Also: New lien rule for Medicare reimbursement following a settlement
President Biden signed a bill into law on March 3, 2022, that will improve accountability for survivors of sexual assault and sexual harassment. This action came just three weeks after overwhelmingly bipartisan votes in the House and then Senate to pass the Ending Forced Arbitration of Sexual Assault & Sexual Harassment Act.
For far too long, countless survivors, workers, and consumers have been silenced by forced arbitration. This new law will restore survivors’ rights to hold their perpetrators and the corporations who enable them accountable in court, instead of being forced into arbitration.
For decades, AAJ has fought to end forced arbitration for all workers, consumers, and survivors. AAJ has worked with victims and survivors to make their voices heard on Capitol Hill and in the media. We published research reports, participated in amicus curiae in significant cases, and directed a public information campaign about how corporations use forced arbitration to strip Americans of their fundamental rights to seek justice and accountability under the Seventh Amendment of the Constitution.
The courage of the survivors and advocates who came forward at great personal risk to tell their stories to Congress was critical to the success of this legislation. The new law is another significant step forward in the fight to restore the rights of all Americans to seek justice.
AAJ will continue the fight to end forced arbitration in all its forms, and we will do it by empowering all consumers’, workers’, and survivors’ voices to be heard. Thank you for your ongoing support of AAJ’s advocacy to protect your clients’ rights.
CMS-proposed “future medicals” rule
I would like to inform you of regulatory developments that may impact your practice.
The Centers for Medicare and Medicaid Services (CMS) are poised to publish a new proposed rule to govern how and how much Medicare beneficiaries need to reimburse CMS for medical care received after a settlement that is related to that settlement. As many of you know, CMS tried to propose a similar rule during the Obama Administration, and AAJ successfully opposed it.
We anticipate that this new proposed rule will be similar to what CMS has proposed previously. There is a lengthy regulatory process before any rule becomes effective, and we will advocate for you and your clients every step of the way.
Advocacy in the Courts: Addressing arbitration in the U.S. Supreme Court
This Term, the U.S. Supreme Court will hear arguments in a number of cases dealing with forced arbitration under the Federal Arbitration Act (“FAA”). AAJ has filed amicus curiae briefs in three of these cases, advocating for AAJ members and their clients.
Morgan v. Sundance, Inc. (U.S. 21-328): This case deals with whether a party forfeits the right to arbitration when it fails to exercise that right at the earliest available opportunity. AAJ’s amicus brief (https://www.justice.org/resources/research/morgan-v-sundance), filed January 6, 2022, addresses the Defendant’s unfair tactic of spending months allowing litigation to proceed before moving to compel arbitration. The brief explains that enforcement of the arbitration provision would effectively allow gamesmanship by defendants, who could bounce between participating in litigation and making belated requests for arbitration in order to gain a strategic advantage, resulting in inefficiency and unnecessary delay. The amicus brief was authored by AAJ members Gerson Smoger of Smoger Law firm and David Arbogast of Arbogast Law.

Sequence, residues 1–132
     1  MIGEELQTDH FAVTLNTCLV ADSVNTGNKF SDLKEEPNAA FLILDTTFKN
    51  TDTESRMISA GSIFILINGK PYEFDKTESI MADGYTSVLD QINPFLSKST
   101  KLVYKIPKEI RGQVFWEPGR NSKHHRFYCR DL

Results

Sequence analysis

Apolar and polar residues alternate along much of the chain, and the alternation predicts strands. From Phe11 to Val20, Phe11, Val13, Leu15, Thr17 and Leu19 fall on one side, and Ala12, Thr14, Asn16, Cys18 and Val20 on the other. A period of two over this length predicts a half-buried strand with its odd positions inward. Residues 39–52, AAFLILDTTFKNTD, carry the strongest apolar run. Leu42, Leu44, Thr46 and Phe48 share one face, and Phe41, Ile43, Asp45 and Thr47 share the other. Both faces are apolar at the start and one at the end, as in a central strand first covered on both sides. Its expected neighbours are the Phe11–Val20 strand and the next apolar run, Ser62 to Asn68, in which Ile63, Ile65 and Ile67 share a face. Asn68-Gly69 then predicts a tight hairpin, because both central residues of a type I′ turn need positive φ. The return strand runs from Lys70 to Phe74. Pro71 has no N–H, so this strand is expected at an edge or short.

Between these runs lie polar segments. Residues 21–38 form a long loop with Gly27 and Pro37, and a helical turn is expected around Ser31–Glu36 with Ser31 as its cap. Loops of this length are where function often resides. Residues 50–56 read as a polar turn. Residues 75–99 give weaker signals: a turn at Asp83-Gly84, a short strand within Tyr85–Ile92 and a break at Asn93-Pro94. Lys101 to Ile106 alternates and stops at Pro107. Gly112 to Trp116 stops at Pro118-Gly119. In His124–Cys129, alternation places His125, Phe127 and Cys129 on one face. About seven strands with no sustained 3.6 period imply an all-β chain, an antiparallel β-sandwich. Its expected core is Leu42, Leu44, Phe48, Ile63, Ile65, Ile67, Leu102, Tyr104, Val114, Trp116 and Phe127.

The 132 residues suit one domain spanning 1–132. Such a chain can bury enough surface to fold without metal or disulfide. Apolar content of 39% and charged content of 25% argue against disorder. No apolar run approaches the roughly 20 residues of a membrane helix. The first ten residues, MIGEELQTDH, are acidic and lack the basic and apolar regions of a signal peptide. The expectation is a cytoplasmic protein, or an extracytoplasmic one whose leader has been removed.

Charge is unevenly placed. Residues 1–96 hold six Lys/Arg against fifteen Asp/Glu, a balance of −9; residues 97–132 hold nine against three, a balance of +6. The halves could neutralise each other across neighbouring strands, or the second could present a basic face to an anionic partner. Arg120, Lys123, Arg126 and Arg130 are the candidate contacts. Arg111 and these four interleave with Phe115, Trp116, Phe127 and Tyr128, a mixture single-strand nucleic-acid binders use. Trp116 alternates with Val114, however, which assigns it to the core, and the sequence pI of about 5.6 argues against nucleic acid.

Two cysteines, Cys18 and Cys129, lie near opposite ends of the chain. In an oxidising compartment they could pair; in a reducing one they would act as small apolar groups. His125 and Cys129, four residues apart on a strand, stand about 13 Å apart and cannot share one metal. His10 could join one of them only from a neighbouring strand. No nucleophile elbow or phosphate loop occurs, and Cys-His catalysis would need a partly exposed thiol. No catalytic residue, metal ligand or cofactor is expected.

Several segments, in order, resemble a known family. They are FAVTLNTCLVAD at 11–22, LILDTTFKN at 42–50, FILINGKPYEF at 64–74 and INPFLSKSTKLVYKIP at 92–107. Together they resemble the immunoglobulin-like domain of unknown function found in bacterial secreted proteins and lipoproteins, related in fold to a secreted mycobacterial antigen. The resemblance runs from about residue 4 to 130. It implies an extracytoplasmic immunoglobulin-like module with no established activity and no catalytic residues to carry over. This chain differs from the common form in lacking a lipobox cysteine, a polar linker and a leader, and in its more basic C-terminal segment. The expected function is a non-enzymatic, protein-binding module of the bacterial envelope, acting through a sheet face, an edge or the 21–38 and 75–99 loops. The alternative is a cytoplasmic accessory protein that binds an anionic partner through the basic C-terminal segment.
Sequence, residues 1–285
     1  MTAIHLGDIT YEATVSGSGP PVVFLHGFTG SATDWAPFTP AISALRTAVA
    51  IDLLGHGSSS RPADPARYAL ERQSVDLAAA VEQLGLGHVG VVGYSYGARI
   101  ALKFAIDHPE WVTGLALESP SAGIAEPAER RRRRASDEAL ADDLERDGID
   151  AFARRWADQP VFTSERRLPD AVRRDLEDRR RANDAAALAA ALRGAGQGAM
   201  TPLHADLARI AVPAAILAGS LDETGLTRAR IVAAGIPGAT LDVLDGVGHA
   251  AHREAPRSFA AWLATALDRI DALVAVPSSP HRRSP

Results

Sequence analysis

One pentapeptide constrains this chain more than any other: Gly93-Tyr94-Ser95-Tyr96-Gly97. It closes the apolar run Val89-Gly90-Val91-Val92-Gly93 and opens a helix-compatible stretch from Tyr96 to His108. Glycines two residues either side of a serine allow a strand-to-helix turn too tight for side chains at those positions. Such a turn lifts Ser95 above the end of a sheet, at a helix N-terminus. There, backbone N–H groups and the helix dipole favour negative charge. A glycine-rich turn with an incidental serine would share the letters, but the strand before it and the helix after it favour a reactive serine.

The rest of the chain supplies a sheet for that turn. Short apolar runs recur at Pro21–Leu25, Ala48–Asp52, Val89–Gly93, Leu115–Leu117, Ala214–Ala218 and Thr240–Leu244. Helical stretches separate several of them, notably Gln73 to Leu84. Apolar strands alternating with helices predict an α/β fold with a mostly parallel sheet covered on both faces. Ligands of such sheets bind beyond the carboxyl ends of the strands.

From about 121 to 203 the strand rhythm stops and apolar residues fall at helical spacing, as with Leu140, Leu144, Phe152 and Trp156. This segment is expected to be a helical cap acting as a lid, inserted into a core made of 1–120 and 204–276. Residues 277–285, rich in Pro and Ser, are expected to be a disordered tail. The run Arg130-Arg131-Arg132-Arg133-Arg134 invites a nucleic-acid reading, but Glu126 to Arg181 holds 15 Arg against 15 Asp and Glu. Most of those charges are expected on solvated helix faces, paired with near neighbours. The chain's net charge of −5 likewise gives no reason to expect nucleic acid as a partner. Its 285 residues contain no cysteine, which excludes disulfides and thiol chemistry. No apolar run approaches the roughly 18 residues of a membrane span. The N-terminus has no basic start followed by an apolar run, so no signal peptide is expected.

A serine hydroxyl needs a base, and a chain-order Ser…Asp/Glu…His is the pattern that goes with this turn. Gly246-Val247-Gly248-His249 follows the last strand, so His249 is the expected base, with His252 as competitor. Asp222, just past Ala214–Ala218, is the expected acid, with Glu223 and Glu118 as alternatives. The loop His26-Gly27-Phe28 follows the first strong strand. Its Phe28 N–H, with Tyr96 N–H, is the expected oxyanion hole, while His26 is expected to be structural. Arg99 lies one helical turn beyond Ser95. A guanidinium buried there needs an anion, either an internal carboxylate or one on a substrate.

Southwest Airlines Co. v. Saxon (U.S. 21-309): On March 3, 2022, AAJ filed an amicus brief in this case dealing with the meaning of “workers engaged in foreign or interstate commerce,” whose employment contracts to arbitrate are exempt from enforcement under the FAA. The airline contends that workers who load or unload goods from vehicles that travel in interstate commerce but do not physically cross state lines themselves fall within that definition. AAJ’s amicus brief (https://www.justice.org/resources/research/southwest-v-saxon), authored by AAJ member Gerson Smoger, examines the textual structure and legislative history to show that Congress did not intend the FAA to apply to employment contracts generally or to the contracts of transportation workers like Ms. Saxon in particular.
Viking River Cruises, Inc. v. Moriana (U.S. 20-1573): On March 9, 2022, AAJ filed an amicus brief in this case, which asks whether the FAA preempts California’s rule prohibiting the prospective waiver of statutory right – here, claims under the California Private Attorneys General Act (PAGA). AAJ’s brief explains how the fundamental principles of implied preemption of state law must be grounded in the text of the FAA and not based on federal objectives invented by judges. In this instance, the California PAGA does not “stand as an obstacle” to the enforceability of arbitration agreements. Nor does the FAA require enforcement of prospective waivers of statutory rights in any forum. The amicus brief was authored by AAJ member Matt Wessler of Gupta Wessler, PLLC.
AAJ amicus briefs are available at www.justice.org/legalaffairs.
Fighting for you and your clients
Ms. Lipsen was named Chief Executive Officer of the American Association for Justice (AAJ), formerly known as the Association of Trial Lawyers of America (ATLA), in April 2010. She joined the organization in 1993 to direct AAJ’s Public Affairs department.
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